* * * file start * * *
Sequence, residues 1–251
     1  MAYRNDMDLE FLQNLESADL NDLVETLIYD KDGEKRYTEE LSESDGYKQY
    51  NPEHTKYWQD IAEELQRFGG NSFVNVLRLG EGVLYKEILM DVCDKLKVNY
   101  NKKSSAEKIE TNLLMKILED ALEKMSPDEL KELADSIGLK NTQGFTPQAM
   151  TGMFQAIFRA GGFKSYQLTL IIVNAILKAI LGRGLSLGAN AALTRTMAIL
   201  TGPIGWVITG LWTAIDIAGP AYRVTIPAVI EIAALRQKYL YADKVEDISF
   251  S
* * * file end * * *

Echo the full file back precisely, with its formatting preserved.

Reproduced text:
Sequence, residues 1–251
     1  MAYRNDMDLE FLQNLESADL NDLVETLIYD KDGEKRYTEE LSESDGYKQY
    51  NPEHTKYWQD IAEELQRFGG NSFVNVLRLG EGVLYKEILM DVCDKLKVNY
   101  NKKSSAEKIE TNLLMKILED ALEKMSPDEL KELADSIGLK NTQGFTPQAM
   151  TGMFQAIFRA GGFKSYQLTL IIVNAILKAI LGRGLSLGAN AALTRTMAIL
   201  TGPIGWVITG LWTAIDIAGP AYRVTIPAVI EIAALRQKYL YADKVEDISF
   251  S